Filtering is a technique commonly used to remove or suppress “salt and pepper” static or other noise in information. Filtering can also be used in video compression. For more information, see U.S. Pat. No. 5,787,203 to Lee et al., “Method and System for Filtering Compressed Video Images,” issued Jul. 28, 1998, and Roosmalen et al., “Noise Reduction of Image Sequences as Preprocessing for MPEG2 Encoding,” Proceedings of Eusipco (1998).
Median filtering is one type of filtering. Applied to a video frame, median filtering replaces each pixel in the video frame with the median of the neighboring values in a kernel around the pixel. Other terms for the kernel include window, neighborhood, mask, filter, filter operator, or filter shape. In
Within a sequence of audio or video information, periods with rapid change (such as high motion video) or high detail have less redundancy to exploit than relatively constant, uniform periods. As a result, the information naturally compresses to a variable bitrate sequence.
In contrast, digital phone lines, videoconferencing connections, and many other transmission media offer constant bitrate for delivery of information. Although bandwidth fluctuates on the Internet, audio or video information sent over the Internet is typically compressed to a relatively constant bitrate that targets the average available bitrate for a connection.
To deliver video information at a relatively constant bitrate, conventional video encoders use bitrate adaptive quantization or bitrate adaptive frame dropping. Bitrate adaptive quantization and frame dropping cause a direct and immediate change in bitrate for a video frame. With bitrate adaptive quantization, quantization is increased so as to decrease bitrate, or quantization is decreased so as to increase bitrate. With bitrate adaptive frame dropping, video frames are dropped to immediately decrease bitrate.
While conventional bitrate adaptive compression techniques control bitrate, the quality of the compressed information dramatically and noticeably changes when an adjustment occurs. Frame dropping causes a “stutter” effect, and increasing quantization often causes visible blocking or ringing artifacts. Thus, the perceptual quality of the compressed information is not as good as it could be for the bitrate.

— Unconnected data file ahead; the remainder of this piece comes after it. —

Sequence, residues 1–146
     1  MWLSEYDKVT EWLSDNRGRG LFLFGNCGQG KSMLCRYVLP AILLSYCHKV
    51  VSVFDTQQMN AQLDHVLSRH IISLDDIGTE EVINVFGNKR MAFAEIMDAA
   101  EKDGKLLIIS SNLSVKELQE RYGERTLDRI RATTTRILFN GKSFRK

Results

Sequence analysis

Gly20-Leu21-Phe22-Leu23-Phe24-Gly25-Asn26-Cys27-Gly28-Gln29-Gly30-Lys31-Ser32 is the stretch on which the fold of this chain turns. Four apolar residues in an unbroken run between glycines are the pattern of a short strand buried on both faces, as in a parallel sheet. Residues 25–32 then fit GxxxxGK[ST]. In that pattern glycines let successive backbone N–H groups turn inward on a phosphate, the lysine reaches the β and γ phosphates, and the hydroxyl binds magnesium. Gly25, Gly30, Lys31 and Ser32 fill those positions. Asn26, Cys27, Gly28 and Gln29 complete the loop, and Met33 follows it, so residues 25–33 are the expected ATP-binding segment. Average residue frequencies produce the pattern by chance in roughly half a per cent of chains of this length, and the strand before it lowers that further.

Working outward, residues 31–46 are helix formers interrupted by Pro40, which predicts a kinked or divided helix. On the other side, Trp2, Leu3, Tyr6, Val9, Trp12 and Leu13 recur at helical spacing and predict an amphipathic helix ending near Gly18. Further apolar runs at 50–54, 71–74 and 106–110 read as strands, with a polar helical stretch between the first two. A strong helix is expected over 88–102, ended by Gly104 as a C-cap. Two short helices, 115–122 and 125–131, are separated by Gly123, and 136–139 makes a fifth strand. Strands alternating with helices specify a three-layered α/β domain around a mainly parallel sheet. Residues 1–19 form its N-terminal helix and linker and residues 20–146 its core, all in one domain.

The present invention is directed to dynamic filtering of information during lossy compression. Dynamic filtering helps control bitrate or quality with few sudden, dramatic changes to the perceptual quality of the compressed information.
For example, a video encoder regulates the level of a buffer (e.g., how full or empty the buffer is) by adjusting median filtering of video information. The buffer stores compressed video information for the video encoder. Based upon the buffer level, the video encoder changes the median filter kernel applied to video information. If the buffer starts to get too full, the video encoder increases the size of the kernel, which tends to smooth the video information, introduce slight blurriness, and deplete the buffer. If the buffer starts to get too empty, the video encoder decreases the size of the kernel or stops filtering, which tends to preserve the video information and fill the buffer. Bitrate adaptive median filtering helps control bitrate of compressed video information without the noticeable stuttering caused by frame dropping or the visible blocking artifacts caused by adaptive quantization.